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I'm primarily a designer and I've been working on Drupal themes for some time now. At this point, I'm comfortable enough converting my designs to Drupal themes reasonably quickly but I continue to have doubts about how to use the template.php file... I've read up about it quite a bit, but my understanding of its usefulness is theoretical at best.

Clearly it's not a required file since it's never stopped my themes from working in the past, but is it advisable to have one in all cases? Are there functions (or anything else for that matter) one would automatically include in template.php?

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The template.php file should contain the presentation code; the "logic" code, such as the theme functions, or other code that computes the value of a variable, should be in the template.php file.

To make an example, code similar to the following one should not be in the template file, but it should be put in a function contained in the template.php file, and which return a value to the calling code, which then uses the returned code:

  if ($user->uid) {
    $class[] = 'authenticaded-user';

    if (user_access('administer content')) {
      $class[] =  'content-administrator';
    }
  }
  else {
    $class[] = 'anonymous-user';
    $class[] = 'anonymous-' . strtr(ip_address(), '.', '-'); 
  }

  if (isset($class)) {
    print ' class="' . implode(' ', $class) . '"';
  }

The code in the template file should just print (or render) values, but not compute those values; clearly, it's perfectly fine to use code similar to the following one (the code is taken from a Drupal 7 theme):

    <?php if ($logo || $site_title): ?>
      <?php if ($title): ?>
        <div id="branding"><strong><a href="<?php print $front_page ?>">
        <?php if ($logo): ?>
          <img src="<?php print $logo ?>" alt="<?php print $site_name_and_slogan ?>" title="<?php print $site_name_and_slogan ?>" id="logo" />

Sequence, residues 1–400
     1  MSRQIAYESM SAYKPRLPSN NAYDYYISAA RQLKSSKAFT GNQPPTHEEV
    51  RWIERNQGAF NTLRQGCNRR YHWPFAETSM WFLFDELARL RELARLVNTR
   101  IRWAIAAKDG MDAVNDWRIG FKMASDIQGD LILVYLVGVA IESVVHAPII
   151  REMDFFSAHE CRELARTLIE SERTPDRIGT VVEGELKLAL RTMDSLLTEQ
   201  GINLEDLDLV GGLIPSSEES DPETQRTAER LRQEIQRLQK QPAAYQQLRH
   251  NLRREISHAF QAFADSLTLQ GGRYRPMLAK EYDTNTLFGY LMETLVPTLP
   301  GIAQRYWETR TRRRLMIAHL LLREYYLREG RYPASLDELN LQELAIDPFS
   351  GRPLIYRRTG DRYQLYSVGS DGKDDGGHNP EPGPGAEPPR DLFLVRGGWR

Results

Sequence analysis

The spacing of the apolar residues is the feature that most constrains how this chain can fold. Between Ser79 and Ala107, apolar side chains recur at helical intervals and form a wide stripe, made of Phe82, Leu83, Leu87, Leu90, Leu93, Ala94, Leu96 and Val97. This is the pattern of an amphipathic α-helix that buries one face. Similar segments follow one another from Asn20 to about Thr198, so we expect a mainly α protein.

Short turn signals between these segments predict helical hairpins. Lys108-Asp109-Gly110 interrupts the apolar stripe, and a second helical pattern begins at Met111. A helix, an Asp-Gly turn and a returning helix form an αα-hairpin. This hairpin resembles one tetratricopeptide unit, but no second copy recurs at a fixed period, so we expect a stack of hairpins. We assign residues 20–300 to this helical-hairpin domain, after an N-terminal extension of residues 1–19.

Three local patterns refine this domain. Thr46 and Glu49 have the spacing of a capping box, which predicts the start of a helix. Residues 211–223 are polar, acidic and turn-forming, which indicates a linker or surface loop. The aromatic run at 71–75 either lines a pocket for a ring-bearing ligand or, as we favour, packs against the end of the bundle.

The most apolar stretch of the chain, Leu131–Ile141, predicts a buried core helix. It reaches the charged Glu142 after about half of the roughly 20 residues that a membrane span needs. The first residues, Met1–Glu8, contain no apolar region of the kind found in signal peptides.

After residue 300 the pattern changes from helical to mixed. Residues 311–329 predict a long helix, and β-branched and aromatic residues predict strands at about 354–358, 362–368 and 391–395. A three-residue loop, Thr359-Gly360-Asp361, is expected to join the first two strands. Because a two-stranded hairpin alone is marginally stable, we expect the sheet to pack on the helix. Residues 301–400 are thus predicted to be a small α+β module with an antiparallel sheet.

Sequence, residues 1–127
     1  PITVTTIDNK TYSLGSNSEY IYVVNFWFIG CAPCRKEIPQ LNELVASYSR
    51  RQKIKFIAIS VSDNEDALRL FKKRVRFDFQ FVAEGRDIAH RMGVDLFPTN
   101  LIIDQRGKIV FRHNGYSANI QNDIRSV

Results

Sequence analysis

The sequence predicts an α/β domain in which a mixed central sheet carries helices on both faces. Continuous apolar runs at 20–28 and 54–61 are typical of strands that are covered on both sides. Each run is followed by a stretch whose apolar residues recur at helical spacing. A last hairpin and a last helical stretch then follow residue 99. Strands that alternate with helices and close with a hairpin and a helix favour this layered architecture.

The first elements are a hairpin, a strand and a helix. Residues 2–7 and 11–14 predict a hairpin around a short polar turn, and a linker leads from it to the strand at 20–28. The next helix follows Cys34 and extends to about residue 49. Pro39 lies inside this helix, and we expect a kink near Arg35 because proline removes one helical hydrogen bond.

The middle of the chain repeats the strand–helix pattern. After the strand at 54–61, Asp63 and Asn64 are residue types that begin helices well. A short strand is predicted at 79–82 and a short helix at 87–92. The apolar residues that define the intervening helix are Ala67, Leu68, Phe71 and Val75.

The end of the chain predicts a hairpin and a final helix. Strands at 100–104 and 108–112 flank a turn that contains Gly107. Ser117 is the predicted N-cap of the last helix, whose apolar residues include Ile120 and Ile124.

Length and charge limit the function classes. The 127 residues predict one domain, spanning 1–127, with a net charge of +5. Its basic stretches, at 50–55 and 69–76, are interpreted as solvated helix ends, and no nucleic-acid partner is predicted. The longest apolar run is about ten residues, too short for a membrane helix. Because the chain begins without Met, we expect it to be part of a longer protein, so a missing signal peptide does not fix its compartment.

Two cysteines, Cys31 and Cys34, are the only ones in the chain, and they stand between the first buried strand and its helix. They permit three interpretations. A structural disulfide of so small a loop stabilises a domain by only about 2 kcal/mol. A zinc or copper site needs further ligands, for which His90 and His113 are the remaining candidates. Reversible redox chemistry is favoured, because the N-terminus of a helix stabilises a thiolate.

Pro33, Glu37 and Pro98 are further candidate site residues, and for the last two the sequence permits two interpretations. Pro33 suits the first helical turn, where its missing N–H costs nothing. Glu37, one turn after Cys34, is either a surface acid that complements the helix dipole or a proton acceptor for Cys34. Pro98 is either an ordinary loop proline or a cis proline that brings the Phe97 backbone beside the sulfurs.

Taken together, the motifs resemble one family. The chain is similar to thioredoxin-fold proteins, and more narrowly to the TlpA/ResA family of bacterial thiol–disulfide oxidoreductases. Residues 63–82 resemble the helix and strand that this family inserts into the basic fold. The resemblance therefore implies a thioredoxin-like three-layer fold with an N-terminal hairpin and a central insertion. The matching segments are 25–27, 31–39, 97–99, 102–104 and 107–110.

<?php endif; ?>
        <?php print $site_html ?>
        </a></strong></div>
      <?php else: /* Use h1 when the content title is empty */ ?>
        <h1 id="branding"><a href="<?php print $front_page ?>">
        <?php if ($logo): ?>
          <img src="<?php print $logo ?>" alt="<?php print $site_name_and_slogan ?>" title="<?php print $site_name_and_slogan ?>" id="logo" />
        <?php endif; ?>
        <?php print $site_html ?>
        </a></h1>
    <?php endif; ?>
    <?php endif; ?>

The difference is that, in this case, the code is verifying if the variable contains a useful value, and eventually avoid to output the markup, when it's not necessary.

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  • OK thanks, but would you say it's strongly advisable to have a template.php file or is it optional? – Jane Aug 27 '11 at 16:48
  • If the code in your template file is similar to the second example I made, then there is no need to use a template.php; if the code is similar to the first example, then I would strongly suggest to use the template.php file. – kiamlaluno Aug 27 '11 at 16:57
  • I've always been kind of peeved about the "logic goes in template.php" guideline. I agree with it, but when the .tpl.php is then littered with if(){}else{}s and other logic it's kind of hard to take the guideline seriously. Don't mind me, just being a cranky old man... – Entendu Aug 30 '11 at 23:10

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